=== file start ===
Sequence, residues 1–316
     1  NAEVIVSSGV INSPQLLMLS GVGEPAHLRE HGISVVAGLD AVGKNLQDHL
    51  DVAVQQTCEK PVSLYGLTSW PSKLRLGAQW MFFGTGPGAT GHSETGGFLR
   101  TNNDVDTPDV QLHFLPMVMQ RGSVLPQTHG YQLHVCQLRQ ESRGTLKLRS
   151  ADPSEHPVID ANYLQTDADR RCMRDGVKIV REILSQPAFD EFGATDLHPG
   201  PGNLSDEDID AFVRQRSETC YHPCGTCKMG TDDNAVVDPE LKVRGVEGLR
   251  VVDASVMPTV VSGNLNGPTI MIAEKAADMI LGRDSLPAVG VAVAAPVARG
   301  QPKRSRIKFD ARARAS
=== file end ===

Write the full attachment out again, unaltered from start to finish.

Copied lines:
Sequence, residues 1–316
     1  NAEVIVSSGV INSPQLLMLS GVGEPAHLRE HGISVVAGLD AVGKNLQDHL
    51  DVAVQQTCEK PVSLYGLTSW PSKLRLGAQW MFFGTGPGAT GHSETGGFLR
   101  TNNDVDTPDV QLHFLPMVMQ RGSVLPQTHG YQLHVCQLRQ ESRGTLKLRS
   151  ADPSEHPVID ANYLQTDADR RCMRDGVKIV REILSQPAFD EFGATDLHPG
   201  PGNLSDEDID AFVRQRSETC YHPCGTCKMG TDDNAVVDPE LKVRGVEGLR
   251  VVDASVMPTV VSGNLNGPTI MIAEKAADMI LGRDSLPAVG VAVAAPVARG
   301  QPKRSRIKFD ARARAS